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There is nothing fun about waiting nearly six rounds before being drafted. At least until the phone rings.

For Stanford tackle Kyle Murphy, the wait was excruciating. Murphy had to watch 199 players drafted before the Green Bay Packers finally called him late in the sixth round.

Once he got the call, Murphy said, the opportunity was well worth the wait.

“It’s pretty well documented how tough it is on draft day,” Murphy said. “You’re kind of waiting, waiting — especially being a sixth-round pick. You always hope to be picked a little earlier. So that’s obviously tough when you hope to be chosen sooner, but when I got the call from Green Bay, I was like, ‘Dang, that’s pretty crazy.’ Just because of the tradition — the winning tradition — and how bright the future is.

“There’s a lot of other places — I’m not going to drop names — but there’s a lot of places you could go to that have worser fan bases, worser teams, worser cities. In every category, this place I feel is at the top of the list. So I couldn’t be more thrilled.”

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Murphy’s perspective was similar to other members of his draft class at the Packers weekend rookie orientation. Asked about their current situation, each listed a chance to win immediately among the things that most excites them.

That isn’t surprising, of course. No rookie comes into an organization expecting to lose. But, not to drop names, the chance to win is higher for some teams than others. In Green Bay, rookies know they’re entering a franchise annually considered among the league’s top title contenders.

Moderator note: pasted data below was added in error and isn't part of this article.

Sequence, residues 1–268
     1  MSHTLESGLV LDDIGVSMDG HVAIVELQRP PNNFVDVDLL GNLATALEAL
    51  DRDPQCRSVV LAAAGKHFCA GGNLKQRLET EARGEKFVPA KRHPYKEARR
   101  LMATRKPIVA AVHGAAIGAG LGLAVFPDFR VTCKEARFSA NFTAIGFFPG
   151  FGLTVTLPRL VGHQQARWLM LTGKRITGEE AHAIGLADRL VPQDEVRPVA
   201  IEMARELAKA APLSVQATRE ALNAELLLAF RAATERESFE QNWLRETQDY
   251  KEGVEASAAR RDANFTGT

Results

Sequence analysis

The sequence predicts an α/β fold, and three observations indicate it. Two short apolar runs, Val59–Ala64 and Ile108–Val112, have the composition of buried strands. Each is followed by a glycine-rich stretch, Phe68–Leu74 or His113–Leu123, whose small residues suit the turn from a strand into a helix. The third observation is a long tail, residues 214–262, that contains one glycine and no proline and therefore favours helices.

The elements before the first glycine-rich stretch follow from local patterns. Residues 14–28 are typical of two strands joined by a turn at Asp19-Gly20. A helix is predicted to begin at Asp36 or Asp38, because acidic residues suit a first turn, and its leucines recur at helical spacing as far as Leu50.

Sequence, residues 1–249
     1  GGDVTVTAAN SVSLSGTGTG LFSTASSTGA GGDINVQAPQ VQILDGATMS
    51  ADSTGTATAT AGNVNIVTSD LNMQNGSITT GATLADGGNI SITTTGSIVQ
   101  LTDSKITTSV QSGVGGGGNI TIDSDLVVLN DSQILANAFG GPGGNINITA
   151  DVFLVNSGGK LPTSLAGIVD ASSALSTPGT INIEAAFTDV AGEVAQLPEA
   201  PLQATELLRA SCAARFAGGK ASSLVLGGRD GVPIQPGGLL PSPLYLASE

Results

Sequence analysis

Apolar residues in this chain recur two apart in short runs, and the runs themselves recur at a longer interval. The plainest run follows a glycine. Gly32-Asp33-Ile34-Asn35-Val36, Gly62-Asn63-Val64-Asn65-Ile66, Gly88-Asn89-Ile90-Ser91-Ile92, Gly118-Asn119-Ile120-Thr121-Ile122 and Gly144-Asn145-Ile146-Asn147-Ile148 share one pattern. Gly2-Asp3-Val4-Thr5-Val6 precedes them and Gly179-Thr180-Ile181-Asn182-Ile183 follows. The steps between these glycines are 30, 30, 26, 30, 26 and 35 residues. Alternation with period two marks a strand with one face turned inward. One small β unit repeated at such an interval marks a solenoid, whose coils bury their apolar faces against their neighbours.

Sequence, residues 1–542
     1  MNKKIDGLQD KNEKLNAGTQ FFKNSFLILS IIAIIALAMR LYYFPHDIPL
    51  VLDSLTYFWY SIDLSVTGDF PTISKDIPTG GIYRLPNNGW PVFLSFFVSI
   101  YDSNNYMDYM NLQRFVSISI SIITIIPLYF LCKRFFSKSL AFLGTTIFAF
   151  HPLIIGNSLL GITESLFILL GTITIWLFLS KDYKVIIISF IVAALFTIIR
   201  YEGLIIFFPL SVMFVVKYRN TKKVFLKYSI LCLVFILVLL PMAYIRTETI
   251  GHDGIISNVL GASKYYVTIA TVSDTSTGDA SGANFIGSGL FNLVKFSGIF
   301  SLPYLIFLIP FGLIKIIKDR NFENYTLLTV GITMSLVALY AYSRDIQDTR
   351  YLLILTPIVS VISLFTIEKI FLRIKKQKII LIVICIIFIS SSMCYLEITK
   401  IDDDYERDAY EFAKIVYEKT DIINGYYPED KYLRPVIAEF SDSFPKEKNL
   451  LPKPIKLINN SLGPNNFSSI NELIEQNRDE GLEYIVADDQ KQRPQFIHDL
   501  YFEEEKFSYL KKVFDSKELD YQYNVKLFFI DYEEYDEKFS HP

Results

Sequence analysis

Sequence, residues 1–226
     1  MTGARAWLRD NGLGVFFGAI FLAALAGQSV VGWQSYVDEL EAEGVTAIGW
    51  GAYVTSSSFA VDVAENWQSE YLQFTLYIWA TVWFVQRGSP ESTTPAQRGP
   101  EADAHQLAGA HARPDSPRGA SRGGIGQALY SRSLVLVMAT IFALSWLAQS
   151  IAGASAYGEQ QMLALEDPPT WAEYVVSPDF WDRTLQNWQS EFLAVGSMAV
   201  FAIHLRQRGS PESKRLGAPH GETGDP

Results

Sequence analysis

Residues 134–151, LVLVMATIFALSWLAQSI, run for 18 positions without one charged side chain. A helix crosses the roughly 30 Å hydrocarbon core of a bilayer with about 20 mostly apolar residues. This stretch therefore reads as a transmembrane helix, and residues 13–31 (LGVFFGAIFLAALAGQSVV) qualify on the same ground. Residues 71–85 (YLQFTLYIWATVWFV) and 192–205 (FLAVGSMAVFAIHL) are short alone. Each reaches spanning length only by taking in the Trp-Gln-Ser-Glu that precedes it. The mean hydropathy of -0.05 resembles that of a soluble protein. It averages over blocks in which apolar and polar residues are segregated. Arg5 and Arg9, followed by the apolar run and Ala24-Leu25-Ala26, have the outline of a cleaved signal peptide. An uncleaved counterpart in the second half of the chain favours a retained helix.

That reality wasn’t lost on first-round defensive tackle Kenny Clark. The money that comes with being the 27th overall pick is nice. But, yes, winning is an added bonus.

“That was my whole plan,” Clark said. “I wanted to go to a great organization. I wanted to go to a team that was ready to win. I couldn’t ask for anything better than this. I’m so happy to be here.”

The chance to win will be a welcomed change for Indiana tackle Jason Spriggs.

The Hoosiers were 1-11 in 2011, one season before Spriggs arrived on campus. The Elkhart, Ind., native grew up in the shadow of Notre Dame, but the Fighting Irish didn’t recruit him. He was recruited throughout the Big Ten — including Michigan and Michigan State — but chose Indiana for the chance to build a program from scratch.

The four-year starter accomplished much of what he hoped to do. The Hoosiers improved during his career as starting left tackle, from 4-8 in 2012 to 6-7 in 2015. As a senior, Spriggs helped lead Indiana to its first bowl game in eight years. The Hoosiers lost a 44-41 overtime heartbreaker to Duke in the Pinstripe Bowl the day after Christmas.

Still, Spriggs has to go way, way back to name the best team he’s played for to this point.

“High school,” Spriggs said. “To be honest.”

He knows that’ll change now. Starting this season, Spriggs isn’t trying to build a program from scratch. He’s playing for one of the NFL’s premier franchises, one of its elite title contenders. He’s ready for something new.

“It’s huge,” Spriggs said. “Just to be able to come to a program like this is amazing. I can’t be thankful enough to be able to be a part of this program.”

rwood@gannett.com and follow him on Twitter @ByRyanWood

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